About this Research Topic
Recent advances in high-throughput sequencing, HTS (i.e., next generation sequencing), now allow genomic-level approaches to the study of evolutionary processes (e.g., hybridization, adaptive radiations) that have historically challenged our ability to make compelling phylogenetic hypotheses for some plant lineages. This molecular revolution, coupled with the development of bioinformatic and analytical tools, has resulted in the phylogenetic analysis of hundreds to thousands of genomic regions to emerge as a new standard in evolutionary biology.
In spite of these developments, whole genome sequencing is still not a viable option across Land Plants, given that genome sizes range from 60 Mb to 140 Gb in flowering plants. Reduced representation approaches - including untargeted (i.e., genome skimming or shotgun sequencing), targeted (i.e., RNA seq, Genotyping-by-Sequencing, Amplicon-sequencing, etc.), and hybrid (e.g., hyb-seq) approaches - can accommodate this genome size diversity and allow non-model organisms to join the genomic revolution.
Inferring phylogenetic relationships among recently or rapidly diverged lineages remains a major challenge in Evolutionary Biology. The difficulties underlying this challenge include finding genetic markers with enough phylogenetic signal to disentangle genealogical relationships at the shallowest evolutionary levels, and discordance among gene trees which may differ significantly from the species or population tree. Such discordance may originate from hybridization among distinct lineages with subsequent fixation of alleles or incomplete lineage sorting of alleles due to short intervals between divergence events.
HTS technologies and bioinformatic and analytical tools have revolutionized the questions that can be addressed and the taxa that can be studied using genome-wide approaches. Large, genome-scale datasets can be used both to address phylogenetic relationships among very closely related species and at the same time examine patterns of lineage sorting and historical hybridization; two of the most pervading obstacles in phylogenetic inference. However, considerable challenges remain.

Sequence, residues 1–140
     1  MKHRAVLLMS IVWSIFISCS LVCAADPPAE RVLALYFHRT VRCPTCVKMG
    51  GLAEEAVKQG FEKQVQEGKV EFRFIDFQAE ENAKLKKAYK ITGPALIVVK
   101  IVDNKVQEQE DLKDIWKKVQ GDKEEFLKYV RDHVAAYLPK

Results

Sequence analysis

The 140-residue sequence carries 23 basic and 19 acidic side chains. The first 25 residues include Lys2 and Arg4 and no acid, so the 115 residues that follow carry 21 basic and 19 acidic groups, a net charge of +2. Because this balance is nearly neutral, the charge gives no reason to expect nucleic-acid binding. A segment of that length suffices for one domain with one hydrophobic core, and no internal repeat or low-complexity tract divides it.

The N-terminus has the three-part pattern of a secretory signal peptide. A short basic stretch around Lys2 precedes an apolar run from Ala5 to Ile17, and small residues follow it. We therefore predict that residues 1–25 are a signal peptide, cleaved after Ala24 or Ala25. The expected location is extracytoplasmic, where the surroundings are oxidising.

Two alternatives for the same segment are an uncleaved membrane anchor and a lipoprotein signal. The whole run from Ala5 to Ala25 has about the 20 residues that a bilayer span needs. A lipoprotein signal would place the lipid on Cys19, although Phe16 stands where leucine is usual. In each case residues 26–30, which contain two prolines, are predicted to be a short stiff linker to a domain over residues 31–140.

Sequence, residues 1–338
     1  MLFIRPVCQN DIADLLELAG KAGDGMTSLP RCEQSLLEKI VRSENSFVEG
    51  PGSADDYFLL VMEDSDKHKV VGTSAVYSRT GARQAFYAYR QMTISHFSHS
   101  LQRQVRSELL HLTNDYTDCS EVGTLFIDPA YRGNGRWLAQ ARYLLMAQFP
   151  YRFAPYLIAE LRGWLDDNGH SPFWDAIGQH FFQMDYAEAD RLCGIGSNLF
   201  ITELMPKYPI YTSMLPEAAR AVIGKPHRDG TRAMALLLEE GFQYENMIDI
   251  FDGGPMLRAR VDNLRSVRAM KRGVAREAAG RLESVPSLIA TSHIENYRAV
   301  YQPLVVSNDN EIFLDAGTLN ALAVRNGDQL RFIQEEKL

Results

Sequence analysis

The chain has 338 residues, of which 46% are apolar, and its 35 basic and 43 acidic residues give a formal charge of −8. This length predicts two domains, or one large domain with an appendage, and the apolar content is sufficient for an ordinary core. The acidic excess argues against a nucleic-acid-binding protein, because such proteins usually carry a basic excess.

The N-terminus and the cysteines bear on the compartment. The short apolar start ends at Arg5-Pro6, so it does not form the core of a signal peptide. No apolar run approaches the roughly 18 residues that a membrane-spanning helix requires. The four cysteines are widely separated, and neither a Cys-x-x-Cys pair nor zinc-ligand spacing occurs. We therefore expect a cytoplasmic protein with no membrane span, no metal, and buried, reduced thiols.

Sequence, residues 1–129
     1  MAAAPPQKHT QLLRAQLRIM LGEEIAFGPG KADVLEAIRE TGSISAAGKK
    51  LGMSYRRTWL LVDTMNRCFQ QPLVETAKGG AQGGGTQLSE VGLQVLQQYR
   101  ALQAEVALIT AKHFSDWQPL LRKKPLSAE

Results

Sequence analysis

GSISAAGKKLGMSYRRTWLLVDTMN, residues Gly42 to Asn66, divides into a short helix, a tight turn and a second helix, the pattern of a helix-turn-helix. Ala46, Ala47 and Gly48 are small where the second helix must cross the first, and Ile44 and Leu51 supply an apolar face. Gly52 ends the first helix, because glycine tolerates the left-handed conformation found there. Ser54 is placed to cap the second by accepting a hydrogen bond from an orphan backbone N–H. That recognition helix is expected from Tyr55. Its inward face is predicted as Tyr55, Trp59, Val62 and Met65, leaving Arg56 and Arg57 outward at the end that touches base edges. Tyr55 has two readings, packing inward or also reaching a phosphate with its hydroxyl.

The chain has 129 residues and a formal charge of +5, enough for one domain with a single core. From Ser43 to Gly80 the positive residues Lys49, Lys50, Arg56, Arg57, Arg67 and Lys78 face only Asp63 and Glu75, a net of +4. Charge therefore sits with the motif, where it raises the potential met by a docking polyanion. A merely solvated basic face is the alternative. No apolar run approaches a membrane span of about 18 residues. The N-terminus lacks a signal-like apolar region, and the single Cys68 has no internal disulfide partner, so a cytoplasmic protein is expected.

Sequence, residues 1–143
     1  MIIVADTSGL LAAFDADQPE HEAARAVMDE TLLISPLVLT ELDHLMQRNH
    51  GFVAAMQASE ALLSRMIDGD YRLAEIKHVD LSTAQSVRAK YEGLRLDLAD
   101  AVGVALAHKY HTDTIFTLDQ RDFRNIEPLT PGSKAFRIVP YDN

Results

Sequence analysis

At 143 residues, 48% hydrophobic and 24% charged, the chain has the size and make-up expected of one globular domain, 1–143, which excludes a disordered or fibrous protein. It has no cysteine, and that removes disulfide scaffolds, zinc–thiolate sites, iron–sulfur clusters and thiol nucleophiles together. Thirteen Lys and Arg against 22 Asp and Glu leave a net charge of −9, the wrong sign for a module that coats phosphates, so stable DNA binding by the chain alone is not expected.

This Research Topic is intended to serve as a key resource for researchers studying plant groups whose phylogenetic histories have proven difficult to resolve in the past. With this, we aim to highlight the strengths, difficulties, and obstacles of emerging sequencing and analytical techniques to improve our understanding of the evolution of these so-called challenging plant lineages. Ultimately, our aim is that this Research Topic will serve to set the new standard of phylogenetics in the genomic era.
We welcome articles falling under, but not limited to, the following:
- New phylogenomic approaches to disentangle the tree of life of challenging plant lineages, especially those that involve recent rapid divergence (e.g., radiations) and/or hybridization.
- The development of new analytical approaches and laboratory protocols that adequately tackle the underlying processes of biological diversification, while accounting for the particularities of incipient differentiation.
- Novel phylogenomic insights in lineages where extensive gene duplications (resulting from, i.e., whole genome duplications or the activity of transposable elements) or losses (e.g., parasitic plants) hindered phylogenetic reconstructions.
Keywords: Challenging Plant Lineages, Hybrid Speciation, Phylogenomics, Plant Species Evolution, Radiations.
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